Saul Rozema, owner of Sonoma Pool and Spa, scooping fallen leaves from the bottom of a pool.
Photo by Ryan Lely/sonoma valley sun
Pools and spas are a huge investment and the maintenance of them shouldn’t be ignored just because they’re getting little use. It’s oh-so-easy to forget about switching seasonal gears when the toasty days that once afforded heavy use have yielded to the fluctuating temperatures of autumn, when those vessels of water get scarce attention. The glimmer of hope that it will become warm enough to take one last dip in the pool is rapidly fading away.
Now is the time to consider taking a few important steps that will protect your pool from damage this winter. They actions may even save you some money. According to Saul Rozema, who has owned Sonoma Pool and Spa for about four years, there are a few things pool owners should do right now.
Rozema suggests significantly reducing filtration run times during cooler months. He recommends running filters at night, because it is more difficult for water to freeze when it is kept in motion. Also, this cuts down the risk of pipes bursting and equipment failure.
Rozema warns folks never to drain a pool in our area, because of the pressure created by ground water. He said that pools can literally pop out of the ground and float just like a boat.
Pool covers are an effective way to protect pools during the winter, as well as all year long. Rozema stated that a well-made pool cover will retain heat in the summer and virtually eliminate evaporation.
“If you ever see ice formation on the surface of the pool, break ice immediately, and be sure your equipment is running,” Rozema said. “Watching the weather reports for a potential freeze, is an easy way to be proactive in protecting your investment. This applies to not only your pool equipment, but to irrigation lines and home plumbing as well.”
To protect pool plumbing from extreme weather, Rozema suggested wrapping exposed pipes in old blankets or insulation. He said that this will greatly reduce problems caused by freezing weather. To avoid a fire hazard, he advises never covering a pump motor.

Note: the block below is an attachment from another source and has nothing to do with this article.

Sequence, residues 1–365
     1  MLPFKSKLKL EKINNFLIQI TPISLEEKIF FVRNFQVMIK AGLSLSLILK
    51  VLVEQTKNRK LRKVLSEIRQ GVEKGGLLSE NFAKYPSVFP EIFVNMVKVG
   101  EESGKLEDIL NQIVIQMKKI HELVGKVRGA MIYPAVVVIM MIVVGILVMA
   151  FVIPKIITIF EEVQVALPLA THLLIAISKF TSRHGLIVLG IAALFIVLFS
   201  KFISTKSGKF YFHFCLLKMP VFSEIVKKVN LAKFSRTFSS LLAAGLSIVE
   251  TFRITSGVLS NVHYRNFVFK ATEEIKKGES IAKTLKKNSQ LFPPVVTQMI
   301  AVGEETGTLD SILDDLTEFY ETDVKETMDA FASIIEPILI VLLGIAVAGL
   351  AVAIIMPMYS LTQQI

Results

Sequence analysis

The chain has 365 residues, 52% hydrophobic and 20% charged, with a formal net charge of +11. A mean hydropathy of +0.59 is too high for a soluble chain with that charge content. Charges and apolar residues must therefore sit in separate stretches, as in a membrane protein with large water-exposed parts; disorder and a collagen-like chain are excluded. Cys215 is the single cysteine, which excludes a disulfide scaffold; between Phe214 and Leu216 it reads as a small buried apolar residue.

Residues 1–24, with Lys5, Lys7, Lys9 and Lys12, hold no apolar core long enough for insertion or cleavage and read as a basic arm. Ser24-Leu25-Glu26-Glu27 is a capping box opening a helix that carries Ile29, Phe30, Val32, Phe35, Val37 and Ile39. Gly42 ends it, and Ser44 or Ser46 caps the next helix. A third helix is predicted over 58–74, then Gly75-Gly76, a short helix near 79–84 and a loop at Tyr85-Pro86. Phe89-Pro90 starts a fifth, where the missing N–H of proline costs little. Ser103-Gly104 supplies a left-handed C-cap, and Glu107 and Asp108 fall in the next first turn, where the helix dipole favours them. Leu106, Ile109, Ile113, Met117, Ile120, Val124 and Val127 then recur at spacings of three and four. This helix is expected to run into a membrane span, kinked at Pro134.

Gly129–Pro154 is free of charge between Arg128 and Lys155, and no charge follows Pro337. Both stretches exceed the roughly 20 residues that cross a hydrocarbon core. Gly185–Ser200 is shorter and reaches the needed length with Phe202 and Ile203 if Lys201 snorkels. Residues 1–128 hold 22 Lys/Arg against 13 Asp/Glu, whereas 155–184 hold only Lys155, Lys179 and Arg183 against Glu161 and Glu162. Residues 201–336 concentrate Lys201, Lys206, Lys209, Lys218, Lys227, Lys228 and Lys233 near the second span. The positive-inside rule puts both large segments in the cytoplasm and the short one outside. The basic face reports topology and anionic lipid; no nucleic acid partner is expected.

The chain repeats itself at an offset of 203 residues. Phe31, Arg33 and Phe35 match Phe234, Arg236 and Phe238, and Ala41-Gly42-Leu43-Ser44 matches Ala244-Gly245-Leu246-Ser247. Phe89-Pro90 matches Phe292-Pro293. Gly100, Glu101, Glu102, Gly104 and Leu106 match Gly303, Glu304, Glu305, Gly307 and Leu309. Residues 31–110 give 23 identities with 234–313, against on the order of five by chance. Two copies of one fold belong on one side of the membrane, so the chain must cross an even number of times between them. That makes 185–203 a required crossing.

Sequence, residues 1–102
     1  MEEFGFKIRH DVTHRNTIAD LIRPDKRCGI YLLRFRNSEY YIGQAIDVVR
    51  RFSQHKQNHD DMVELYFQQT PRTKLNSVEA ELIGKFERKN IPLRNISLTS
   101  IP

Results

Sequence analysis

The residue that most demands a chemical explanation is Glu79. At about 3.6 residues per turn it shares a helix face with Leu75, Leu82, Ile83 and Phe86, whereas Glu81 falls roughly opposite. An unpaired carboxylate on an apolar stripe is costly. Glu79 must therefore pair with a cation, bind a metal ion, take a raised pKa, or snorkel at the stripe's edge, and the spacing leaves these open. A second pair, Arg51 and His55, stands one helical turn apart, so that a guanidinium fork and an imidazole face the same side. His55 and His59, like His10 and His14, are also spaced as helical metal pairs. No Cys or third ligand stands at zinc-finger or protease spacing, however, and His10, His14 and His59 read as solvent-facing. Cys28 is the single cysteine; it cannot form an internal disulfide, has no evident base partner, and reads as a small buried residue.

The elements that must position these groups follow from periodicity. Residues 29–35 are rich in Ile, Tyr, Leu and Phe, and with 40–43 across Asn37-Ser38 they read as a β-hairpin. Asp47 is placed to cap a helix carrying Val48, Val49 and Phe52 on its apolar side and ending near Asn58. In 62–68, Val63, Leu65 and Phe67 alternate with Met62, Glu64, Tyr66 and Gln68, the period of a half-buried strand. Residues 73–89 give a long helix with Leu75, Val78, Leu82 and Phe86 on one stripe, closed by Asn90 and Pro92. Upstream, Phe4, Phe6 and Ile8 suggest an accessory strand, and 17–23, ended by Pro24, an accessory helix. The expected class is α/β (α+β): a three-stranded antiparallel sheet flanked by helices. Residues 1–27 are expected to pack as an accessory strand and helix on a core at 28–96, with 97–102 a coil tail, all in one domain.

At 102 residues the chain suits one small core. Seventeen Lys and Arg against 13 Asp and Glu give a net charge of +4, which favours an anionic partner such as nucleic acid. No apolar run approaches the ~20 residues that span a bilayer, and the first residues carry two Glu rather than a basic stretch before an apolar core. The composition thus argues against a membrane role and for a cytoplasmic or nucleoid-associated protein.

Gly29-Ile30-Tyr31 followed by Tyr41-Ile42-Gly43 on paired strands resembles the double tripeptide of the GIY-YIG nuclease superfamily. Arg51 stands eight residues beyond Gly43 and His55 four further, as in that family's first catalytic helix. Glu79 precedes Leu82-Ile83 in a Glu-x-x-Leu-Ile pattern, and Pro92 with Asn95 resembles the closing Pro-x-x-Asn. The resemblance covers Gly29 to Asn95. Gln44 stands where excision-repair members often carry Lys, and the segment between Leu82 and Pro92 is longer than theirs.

Outdoor spas are designed to offer year-round heated relaxation. Rozema reminds everyone that even during times of infrequent use, spa owners need to keep up their weekly maintenance. He urges folks to drain their spas at least every four months and more often when their use increases.
Rozema recommended using a mineral purifier and a shock treatment, in conjunction with an ozone system. He explained that this is the best way to keep a spa and its bathers happy. There are many options available, but Rozema said that this is how he personally maintains his spa and recommends to all his customers.
“You should absolutely drain spas and cover them up when not in use,” Rozema stressed. “Although I do not recommend having spas shut down for longer than a few months at a time. Murphy’s Law indicates that when equipment, such as a spa motor, is not used regularly, it tends to seize up.”
Rozema and his wife Jolie, both born and raised Sonoma, started Sonoma Valley Pool and Spa in 2003, after working several years in the pool industry. . He had been in the pool industry for many years. With their two children — six-year-old St. Francis first-grader Tanner and two-year-old Avery — the Tanners enjoy spending quality time together, traveling and playing sports.
Sonoma Valley Pool and Spa offers a wide variety of maintenance rates, starting at $85 for monthly chemical service. They can be reached at 707.996.2082 or at www.sonomavalleypool.com. The Web site offers product information, pool and spa advice and service pricing.